Before deciding what to do, the urologist had me pee in one of those plastic hats and then did a bladder ultrasound. With a lot of effort (more than I normally make) I managed to get out 200 ml and that left only 231 ml in my bladder. The urologist said she could live with this since I'm not having UTI's or discomfort. We will try conservative treatment for the moment with a six-month follow-up.

However, long term something will probably have to be done. Either I have to figure out how to cath or I will need some sort of more invasive procedure such as a  suprapubic tube (SPT) or what she called urinary diversion. Then she told me that she didn't want to escalate to that yet and that she always tried to think more than one step ahead. As time goes on, many MS patients develop cognitive difficulties and this can lead to bad bladder outcomes. She told me about a patient who had one of these permanent catheters who was in a long-term care facility. The patient had cognitive difficulties so didn't remember to empty her bladder and apparently the staff were also sometimes inattentive so the patient's bladder ended up rupturing three times. It was rather sobering that she thought this was a likely future for me (of course, my last neuro notes concluded that I "represent a high degree of complexity with significant risk of morbidity." That plus the fact that I am having more problems recently, especially with my legs, is forcing me to consider bleaker outcomes than I'd like.)

Anyway, this is probably TMI, but I hope some of this info about different types of urinary problems is helpful to someone.

sho
9 Responses
Sort by: Helpful Oldest Newest
294425 tn?1288528395
Hi Sho,

Thank you so much for taking the time to share the details of that experience - you always explain things so clearly and give extra background information which is so helpful.

I have been putting off this testing - now at least I will have a better idea of what to expect.  

Talk to ya soon,
Rita  
Helpful - 0
333672 tn?1273792789
Thanks, guys! Writing things out often helps me to organize my thoughts. I'm glad you found it helpful, too.

For those who haven't seen them, here are Quix's health pages, where she talks about other kinds of bladder problems.

http://www.medhelp.org/health_pages/Multiple-Sclerosis/The-Neurology-of-Bladder-Incontinence/show/758?cid=36

http://www.medhelp.org/health_pages/Multiple-Sclerosis/Urinary-Incontinence-Physical-Therapy---Part-I/show/759?cid=36

http://www.medhelp.org/health_pages/Multiple-Sclerosis/Urinary-Incontinence-PT---Part-Deux/show/760?cid=36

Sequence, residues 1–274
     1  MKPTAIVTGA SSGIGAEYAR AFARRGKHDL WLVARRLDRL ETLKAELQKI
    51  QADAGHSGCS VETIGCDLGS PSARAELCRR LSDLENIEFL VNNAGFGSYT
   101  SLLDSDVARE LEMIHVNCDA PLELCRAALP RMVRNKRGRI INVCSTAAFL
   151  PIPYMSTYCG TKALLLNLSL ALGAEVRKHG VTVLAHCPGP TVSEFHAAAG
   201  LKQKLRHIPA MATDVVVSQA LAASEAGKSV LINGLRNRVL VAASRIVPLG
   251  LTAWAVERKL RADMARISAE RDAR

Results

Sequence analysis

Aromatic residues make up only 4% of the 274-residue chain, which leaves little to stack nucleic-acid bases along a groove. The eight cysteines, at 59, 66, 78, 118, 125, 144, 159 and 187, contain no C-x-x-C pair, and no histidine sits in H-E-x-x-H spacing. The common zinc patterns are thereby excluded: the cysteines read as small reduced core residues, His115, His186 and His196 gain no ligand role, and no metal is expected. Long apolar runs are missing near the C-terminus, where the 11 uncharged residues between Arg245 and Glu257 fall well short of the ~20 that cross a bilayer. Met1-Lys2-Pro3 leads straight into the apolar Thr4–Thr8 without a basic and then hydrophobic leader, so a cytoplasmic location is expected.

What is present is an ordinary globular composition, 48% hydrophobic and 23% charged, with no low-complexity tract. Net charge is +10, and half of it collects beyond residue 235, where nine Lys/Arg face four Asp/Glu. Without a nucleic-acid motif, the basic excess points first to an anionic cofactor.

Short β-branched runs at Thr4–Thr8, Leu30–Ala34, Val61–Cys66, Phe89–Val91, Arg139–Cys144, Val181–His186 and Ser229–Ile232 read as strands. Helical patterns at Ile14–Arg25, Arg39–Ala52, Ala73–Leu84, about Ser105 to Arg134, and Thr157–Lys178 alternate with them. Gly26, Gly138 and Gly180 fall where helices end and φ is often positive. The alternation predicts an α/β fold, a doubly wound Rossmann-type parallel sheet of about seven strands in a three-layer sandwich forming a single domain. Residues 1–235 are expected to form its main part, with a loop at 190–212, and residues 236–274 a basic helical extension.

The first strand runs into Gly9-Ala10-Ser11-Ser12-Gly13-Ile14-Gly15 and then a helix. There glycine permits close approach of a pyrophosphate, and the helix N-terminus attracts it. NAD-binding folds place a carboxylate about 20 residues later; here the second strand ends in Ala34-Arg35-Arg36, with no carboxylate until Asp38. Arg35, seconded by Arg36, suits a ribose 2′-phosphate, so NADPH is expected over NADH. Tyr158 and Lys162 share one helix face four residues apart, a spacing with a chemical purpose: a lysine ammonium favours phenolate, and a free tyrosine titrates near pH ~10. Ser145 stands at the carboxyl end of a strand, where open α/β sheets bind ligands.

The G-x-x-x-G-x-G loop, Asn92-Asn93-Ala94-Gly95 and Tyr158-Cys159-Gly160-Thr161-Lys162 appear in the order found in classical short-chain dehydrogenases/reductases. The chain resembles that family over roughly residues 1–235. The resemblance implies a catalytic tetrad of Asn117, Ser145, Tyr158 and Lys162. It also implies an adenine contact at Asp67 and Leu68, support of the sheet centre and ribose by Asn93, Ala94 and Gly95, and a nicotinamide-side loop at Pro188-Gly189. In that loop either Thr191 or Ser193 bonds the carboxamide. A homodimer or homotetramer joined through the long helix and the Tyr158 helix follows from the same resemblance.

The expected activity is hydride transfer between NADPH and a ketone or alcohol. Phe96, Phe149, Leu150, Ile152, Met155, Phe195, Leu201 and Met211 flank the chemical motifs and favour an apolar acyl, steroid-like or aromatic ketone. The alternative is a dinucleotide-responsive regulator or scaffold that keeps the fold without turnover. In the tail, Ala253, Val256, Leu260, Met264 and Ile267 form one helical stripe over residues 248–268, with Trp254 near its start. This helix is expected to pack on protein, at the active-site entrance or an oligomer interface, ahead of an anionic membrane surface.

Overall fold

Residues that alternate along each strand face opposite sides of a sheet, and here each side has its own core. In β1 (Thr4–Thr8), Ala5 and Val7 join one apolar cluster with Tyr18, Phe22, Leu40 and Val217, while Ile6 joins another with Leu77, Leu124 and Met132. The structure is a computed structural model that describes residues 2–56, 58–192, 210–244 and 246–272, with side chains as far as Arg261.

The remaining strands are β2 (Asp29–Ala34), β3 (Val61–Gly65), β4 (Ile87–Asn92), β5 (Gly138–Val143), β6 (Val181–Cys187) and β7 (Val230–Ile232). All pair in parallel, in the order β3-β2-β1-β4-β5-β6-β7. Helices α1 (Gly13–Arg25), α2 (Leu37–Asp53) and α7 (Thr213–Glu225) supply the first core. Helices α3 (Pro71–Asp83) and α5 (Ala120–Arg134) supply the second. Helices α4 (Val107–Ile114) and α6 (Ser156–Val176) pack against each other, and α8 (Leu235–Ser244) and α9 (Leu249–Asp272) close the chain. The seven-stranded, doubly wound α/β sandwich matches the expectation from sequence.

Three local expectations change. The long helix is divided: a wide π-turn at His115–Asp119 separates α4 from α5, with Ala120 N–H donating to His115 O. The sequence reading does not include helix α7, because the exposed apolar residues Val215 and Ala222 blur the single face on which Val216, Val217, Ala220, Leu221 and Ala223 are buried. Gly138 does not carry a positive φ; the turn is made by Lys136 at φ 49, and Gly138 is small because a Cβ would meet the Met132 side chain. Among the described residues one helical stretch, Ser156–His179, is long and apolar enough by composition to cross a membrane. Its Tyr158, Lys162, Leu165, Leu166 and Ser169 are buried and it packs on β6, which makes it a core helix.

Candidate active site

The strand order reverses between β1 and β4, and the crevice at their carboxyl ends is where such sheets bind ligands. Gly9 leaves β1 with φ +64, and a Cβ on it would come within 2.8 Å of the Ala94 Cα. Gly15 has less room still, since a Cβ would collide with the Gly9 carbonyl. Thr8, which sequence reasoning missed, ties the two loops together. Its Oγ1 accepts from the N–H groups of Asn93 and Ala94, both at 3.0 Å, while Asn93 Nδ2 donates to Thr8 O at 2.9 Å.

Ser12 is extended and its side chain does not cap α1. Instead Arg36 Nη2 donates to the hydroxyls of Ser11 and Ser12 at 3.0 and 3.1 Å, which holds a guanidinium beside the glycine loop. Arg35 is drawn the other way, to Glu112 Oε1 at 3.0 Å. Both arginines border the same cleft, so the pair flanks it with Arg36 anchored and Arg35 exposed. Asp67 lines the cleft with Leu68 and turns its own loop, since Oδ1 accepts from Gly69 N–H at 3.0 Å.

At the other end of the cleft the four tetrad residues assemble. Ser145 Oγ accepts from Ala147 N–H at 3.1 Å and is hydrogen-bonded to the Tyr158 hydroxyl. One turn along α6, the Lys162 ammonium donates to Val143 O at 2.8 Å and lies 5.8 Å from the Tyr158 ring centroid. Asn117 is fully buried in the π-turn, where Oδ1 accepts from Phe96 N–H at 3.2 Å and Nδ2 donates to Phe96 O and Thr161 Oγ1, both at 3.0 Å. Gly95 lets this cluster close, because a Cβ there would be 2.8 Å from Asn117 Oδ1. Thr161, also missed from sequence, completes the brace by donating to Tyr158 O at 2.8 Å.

http://www.medhelp.org/health_pages/Multiple-Sclerosis/Urinary-Incontinence-PT--Part-Tres/show/761?cid=36

@Mary Yes, I think I did get a winner of a urologist. She's knowledgeable and takes time to explain things. The only drawback is she's too popular. I was originally scheduled to have this test in January and when they had to cancel, the next available slot was in April.

@Ren That would be too awful to go through all that for nothing. The urologist told me that there was more than one thing that could be causing my symptoms and this test would show which it was. So at least now we know more than before.

@Guitar_grrrl Yeah, you should make an appt. Honestly, I only went because of the forum and people talking about having UTI's and stuff like that without even knowing. Since I'm not having accidents or UTI's, bladder problems are annoying, but they aren't all that high on my list of complaints.

I had to ask the neuro for a referral. I feel better for having done it. It's better to know than not know and I guess the worst case would have been to have kidney damage before anyone knew I had a problem. Now at least I can feel comfortable that the situation is being monitored and problems will be caught early.

sho
Helpful - 0
2015036 tn?1332997788

Thank you so much for that very informative post.  I also appreciate that you broke it up, so that it was easier for people like me (cognitive issues)- as well as bladder issues, to understand.  

I hope that your urologist comes up with a better solution for you.
Tammy



Helpful - 0
738075 tn?1330575844
Wow, Sho!  That was an awesome post!!  Thank you so much for this.  I agree with Mary and JJ - this should be included in the health pages.